Street levy meeting fails to pack ’em in

Published on Thu, Aug 22, 2002 by Meg Olson

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Street levy meeting fails to pack ’em in

By Meg Olson

At the first community meeting on the proposed street levy, city staff, elected representatives and members of the street committee outnumbered interested Blaine residents almost two to one.

The discussion on the proposed 50-cent per thousand dollars of property value tax hike may have started out small, but not slow. Disgruntled former council members Andy Anderson and David White trotted out a litany of perceived city mismanagement of funds, particularly under former city manager Tony Mortillaro, and suggested the city look to its own pockets rather than those of taxpayers. “I suggest you take a five percent cut on your budget. Council can cut their salaries. You never mentioned any of that stuff,” Anderson said. “You need to make some cuts and that’s your job.”

City manager Gary Tomsic said that mining the general fund for the extra $240,000 needed to adequately maintain streets the city has been busy upgrading since 1996 would hurt citizens. “In doing that we would have other impacts that would not be acceptable to people in Blaine – cuts in public safety, in fire protection,” he said. “We want to grow but we can’t. Our revenues aren’t growing and we’ve had to make cuts.” Mayor Dieter Schugt agreed. “We’re tightening the screws everywhere we can,” he said.

Tomsic said the current crunch came from growing costs to maintain streets the city was upgrading through the residential street levy, while revenue sources for the street maintenance fund dwindled. “One of the primary sources of revenue for streets – the gas tax – has dropped $250,000 since 1996,” he said. The one-cent per gallon tax is authorized by the state in towns along the border to reduce the impact of additional traffic on local roads. Another source of revenue to the city’s general fund that has disappeared is the local gambling tax, which collected $239,000 in 1998 but was eliminated by city council that year at the request of local gambling establishments who saw their business dwindling as the Canadian dollar weakened.

Assistant public works director Steve Banham said the 2002 budget for street maintenance, $477,000, could pay for snow removal, mowing, road striping, fixing potholes and minor sidewalk damage and street lighting. It was not enough to resurface old asphalt roads and crack-seal new ones. “If moisture gets into the roadbed it can degrade it. If you don’t crack-seal you end up having to tear the whole thing up and start over.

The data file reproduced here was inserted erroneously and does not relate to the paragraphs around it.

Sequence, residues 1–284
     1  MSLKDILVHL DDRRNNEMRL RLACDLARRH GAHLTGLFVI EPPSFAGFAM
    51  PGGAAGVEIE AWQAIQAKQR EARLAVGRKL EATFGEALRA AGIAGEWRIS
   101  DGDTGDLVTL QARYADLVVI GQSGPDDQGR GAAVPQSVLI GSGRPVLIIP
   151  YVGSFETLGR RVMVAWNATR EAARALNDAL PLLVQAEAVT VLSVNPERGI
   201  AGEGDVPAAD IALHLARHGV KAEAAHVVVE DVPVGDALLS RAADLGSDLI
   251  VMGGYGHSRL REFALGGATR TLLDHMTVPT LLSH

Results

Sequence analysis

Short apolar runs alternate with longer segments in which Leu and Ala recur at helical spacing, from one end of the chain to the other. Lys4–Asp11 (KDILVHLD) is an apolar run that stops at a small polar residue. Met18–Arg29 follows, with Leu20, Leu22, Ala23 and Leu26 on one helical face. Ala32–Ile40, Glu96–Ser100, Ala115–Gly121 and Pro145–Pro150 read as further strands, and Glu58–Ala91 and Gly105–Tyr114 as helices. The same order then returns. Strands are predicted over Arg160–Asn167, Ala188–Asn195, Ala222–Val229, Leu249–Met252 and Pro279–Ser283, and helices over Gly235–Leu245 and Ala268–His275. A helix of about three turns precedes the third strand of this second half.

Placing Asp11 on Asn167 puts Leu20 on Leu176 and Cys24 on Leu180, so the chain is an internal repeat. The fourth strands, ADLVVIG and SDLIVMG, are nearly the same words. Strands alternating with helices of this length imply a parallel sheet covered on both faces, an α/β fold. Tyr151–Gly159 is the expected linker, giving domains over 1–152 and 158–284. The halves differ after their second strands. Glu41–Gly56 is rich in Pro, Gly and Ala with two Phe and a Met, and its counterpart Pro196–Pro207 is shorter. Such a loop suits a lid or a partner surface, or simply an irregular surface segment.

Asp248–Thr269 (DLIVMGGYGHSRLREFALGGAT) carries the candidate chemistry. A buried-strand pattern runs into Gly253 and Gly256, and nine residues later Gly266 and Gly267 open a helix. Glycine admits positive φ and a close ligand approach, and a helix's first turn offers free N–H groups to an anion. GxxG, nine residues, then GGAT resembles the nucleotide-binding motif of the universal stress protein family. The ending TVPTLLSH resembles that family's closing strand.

The idea here is to protect that investment.” Blaine has 23 miles of asphalt roads and 11 miles of chipsealed roads, plus a few old concrete roads. Banham said the average life expectancy of an asphalt road is 18 years, less for a busy road. A third of Blaine’s asphalt streets are older than that. The city would use 88 percent of the funds generated by the levy for new asphalt overlays, which cost about $130,000 per mile.

A citizen’s advisory group looked at the shortfall in road maintenance funds and the proposed levy was their top recommendation. “This method of funding had some favor because it allowed the citizens to make the decision themselves,” Tomsic said. The levy would raise approximately $200,000 dollars annually, and an additional $34,000 would be generated by putting the financial responsibility for street lighting on the electric utility. A one percent franchise fee for cable utilities would drum up another $8,000. “That was the game plan council put together,” Banham said. The levy would run for four years, until the residential street levy runs out in 2006, he said. At that time a levy to combine both street construction and maintenance would be considered.

The proposed levy will be on the ballot September 17, and the city plans two more neighborhood meetings and one council meeting to educate the public about the proposal. There is a neighborhood meeting August 22 at the Semiahmoo fire station and another August 29 at the Blaine community center. There will also be a presentation at the September 9 city council meeting. “We’d like to get a lot of people to those meetings so they understand the issues,” Banham said.

Streets committee member Jan Hansen said she understood what was at stake, and knew she needed to vote for the levy, but that didn’t mean she liked it. She likened it to a recent visit to her dentist and the news she would need two new crowns. “That won’t cost me $50 a year like this levy, it means missing a holiday. I don’t want to pay it but I want to continue to chew. I’ll pay for the routine maintenance because I don’t like the alternative. That’s how I feel about the streets.”

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